If you are not willing to devote your time to your work, it is less likely that other people are going to either.
Clarity and Direction
This is a huge problem for people.
People are used to informal language and being able to get instant feedback. When you say something like, “It's over there,” and someone can instantly say, “What do you mean by there?” and after a dozen exchanges you realize you should have said, “The red paddle is over on top of the blue pail.” It would have been much much easier if that sentence was said first. This happens in quests when a quest author draws an update and does not write clearly enough what is going on, what needs to happen, and why the character cannot not do what we want them to do already.
If you want your readers to understand what is going on based on your update the first time, then actually tell them exactly what you want them to know. Artists will draw certain things, or writers will write certain things that make complete sense to them, but if the viewer doesn't see that with any amount of fair consistency then it's not the viewer's fault. It's yours.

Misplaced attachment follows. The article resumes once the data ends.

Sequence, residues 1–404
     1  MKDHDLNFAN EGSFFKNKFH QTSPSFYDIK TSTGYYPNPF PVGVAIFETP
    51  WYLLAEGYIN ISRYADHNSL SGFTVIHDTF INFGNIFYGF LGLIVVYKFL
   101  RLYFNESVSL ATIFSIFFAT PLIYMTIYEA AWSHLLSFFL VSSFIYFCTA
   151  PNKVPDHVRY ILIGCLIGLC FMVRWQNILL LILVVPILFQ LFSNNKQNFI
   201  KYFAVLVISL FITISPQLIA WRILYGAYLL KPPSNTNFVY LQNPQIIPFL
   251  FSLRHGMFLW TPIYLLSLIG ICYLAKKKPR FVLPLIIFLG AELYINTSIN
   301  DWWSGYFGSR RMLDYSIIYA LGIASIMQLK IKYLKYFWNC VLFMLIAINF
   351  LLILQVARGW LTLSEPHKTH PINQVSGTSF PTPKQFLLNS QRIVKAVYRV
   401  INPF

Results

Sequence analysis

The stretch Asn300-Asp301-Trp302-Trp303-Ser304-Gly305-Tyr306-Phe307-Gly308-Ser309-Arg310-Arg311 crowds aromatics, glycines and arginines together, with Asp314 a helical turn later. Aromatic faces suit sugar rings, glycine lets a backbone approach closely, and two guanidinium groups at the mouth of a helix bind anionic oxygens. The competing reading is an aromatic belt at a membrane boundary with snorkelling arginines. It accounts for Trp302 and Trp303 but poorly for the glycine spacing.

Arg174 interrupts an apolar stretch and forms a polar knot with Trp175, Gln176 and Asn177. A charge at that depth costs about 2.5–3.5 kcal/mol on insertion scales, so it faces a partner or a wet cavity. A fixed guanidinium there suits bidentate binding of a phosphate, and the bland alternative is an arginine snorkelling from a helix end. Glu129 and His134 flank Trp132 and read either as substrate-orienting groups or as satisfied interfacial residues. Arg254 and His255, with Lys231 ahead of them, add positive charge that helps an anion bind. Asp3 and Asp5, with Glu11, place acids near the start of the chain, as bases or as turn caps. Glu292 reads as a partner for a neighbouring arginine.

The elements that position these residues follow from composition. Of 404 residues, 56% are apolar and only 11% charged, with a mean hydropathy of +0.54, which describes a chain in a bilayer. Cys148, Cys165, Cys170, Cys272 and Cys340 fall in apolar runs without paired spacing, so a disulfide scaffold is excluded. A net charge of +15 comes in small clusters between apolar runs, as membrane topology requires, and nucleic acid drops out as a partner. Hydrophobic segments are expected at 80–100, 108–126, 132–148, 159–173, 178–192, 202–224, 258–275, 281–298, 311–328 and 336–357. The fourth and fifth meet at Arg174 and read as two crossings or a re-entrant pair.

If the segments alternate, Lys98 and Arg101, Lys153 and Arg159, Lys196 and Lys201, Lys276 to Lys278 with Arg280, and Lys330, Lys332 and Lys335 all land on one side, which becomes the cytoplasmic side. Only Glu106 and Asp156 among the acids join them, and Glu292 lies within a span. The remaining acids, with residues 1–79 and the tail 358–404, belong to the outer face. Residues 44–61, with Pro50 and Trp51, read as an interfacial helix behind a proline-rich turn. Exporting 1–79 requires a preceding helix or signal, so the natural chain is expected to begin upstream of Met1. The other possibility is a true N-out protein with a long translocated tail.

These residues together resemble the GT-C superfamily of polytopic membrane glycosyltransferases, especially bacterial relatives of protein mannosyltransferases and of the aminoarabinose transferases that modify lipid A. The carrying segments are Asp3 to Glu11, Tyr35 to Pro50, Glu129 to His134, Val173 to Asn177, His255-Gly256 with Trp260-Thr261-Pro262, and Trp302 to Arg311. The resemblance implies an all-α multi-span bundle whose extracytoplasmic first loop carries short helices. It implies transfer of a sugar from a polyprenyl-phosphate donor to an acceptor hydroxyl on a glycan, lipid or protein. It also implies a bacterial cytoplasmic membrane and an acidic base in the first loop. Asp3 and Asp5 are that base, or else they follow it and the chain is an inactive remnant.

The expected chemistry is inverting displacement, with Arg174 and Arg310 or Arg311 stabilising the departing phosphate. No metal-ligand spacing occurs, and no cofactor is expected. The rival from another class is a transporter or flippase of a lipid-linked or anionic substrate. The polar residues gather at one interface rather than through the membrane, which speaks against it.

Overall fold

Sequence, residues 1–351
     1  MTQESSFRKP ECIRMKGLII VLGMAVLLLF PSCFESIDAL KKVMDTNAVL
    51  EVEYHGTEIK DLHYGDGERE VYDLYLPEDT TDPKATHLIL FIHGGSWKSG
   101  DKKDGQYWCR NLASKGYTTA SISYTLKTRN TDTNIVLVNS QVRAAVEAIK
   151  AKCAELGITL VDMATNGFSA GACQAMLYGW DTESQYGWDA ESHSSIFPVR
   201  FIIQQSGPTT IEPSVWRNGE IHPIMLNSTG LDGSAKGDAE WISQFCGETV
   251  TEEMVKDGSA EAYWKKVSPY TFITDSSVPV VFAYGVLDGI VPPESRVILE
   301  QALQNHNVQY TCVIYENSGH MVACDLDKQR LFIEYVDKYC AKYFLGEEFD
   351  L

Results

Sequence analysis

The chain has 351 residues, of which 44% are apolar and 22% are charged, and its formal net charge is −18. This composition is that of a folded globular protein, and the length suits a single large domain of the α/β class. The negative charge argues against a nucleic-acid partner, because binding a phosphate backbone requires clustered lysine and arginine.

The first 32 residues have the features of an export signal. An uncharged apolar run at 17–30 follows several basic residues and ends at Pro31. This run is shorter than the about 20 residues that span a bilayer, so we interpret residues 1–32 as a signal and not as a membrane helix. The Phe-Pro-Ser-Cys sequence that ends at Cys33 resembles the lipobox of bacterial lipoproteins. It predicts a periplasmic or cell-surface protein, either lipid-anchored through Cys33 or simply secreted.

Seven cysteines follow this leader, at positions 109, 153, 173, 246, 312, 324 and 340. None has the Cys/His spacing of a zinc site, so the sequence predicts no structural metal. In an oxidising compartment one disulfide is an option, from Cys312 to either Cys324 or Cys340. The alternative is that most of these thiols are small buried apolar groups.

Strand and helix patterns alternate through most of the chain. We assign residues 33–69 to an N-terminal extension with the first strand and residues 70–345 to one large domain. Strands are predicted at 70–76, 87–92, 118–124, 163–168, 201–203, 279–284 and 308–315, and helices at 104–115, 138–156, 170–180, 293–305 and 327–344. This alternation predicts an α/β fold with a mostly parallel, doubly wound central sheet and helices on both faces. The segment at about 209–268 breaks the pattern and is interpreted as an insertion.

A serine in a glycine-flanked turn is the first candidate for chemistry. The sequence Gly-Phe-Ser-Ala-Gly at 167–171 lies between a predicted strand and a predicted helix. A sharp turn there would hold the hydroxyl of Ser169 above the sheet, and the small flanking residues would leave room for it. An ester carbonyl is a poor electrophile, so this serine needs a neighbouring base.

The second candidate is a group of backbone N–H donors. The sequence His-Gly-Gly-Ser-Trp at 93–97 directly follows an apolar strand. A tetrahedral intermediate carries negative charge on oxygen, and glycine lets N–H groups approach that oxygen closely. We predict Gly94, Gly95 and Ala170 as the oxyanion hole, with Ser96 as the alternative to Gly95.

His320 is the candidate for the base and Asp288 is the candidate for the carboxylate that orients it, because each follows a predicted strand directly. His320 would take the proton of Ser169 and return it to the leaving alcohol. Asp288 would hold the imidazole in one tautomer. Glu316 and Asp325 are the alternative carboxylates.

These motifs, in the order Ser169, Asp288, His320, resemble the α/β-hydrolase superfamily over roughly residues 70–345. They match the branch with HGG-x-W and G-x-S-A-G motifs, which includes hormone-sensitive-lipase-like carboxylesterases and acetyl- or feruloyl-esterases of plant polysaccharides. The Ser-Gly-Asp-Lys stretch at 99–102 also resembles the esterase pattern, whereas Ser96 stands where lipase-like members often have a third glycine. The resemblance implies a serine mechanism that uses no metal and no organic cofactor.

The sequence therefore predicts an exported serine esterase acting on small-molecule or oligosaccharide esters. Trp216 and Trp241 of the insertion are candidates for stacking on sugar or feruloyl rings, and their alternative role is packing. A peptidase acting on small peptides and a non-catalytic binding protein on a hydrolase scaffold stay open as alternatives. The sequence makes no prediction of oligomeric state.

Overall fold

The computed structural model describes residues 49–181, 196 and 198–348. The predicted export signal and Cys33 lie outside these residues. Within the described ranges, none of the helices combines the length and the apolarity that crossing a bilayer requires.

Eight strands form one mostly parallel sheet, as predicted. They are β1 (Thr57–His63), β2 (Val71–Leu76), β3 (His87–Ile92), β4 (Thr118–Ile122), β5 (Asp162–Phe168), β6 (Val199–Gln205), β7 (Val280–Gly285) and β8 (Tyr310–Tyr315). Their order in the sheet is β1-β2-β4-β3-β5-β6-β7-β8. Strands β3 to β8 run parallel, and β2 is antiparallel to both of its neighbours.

It could be argued that the action and story can be succinctly displayed with the picture alone. Unfortunately, everyone cannot dependably do that 100% of the time. Virtually everyone can however, clearly write what they want the picture to show.
Direction is related to clarity, but is not the same thing. When you put an update down for readers to respond to, you can usually tell the difference very easily between a post with no direction and one with a very specific one. 'Sandbox,' is often the excuse or the basis for some of these updates and I can completely accept that. When and/or if nobody suggests anything because of that, it starts to become an empty justification for aimless storytelling.
You want to lead the readers to make a specific action towards a specific problem. Whether that's a multiple choice decision, a judgment call in a hairy situation, solving a puzzle, or determining a plan of action for the events surrounding the protagonist, you need to give people a direction to go. Some suggesters flourish on a dead stage, but from my experience I can testify that people are going to speak up when they know what they are pushing or arguing about.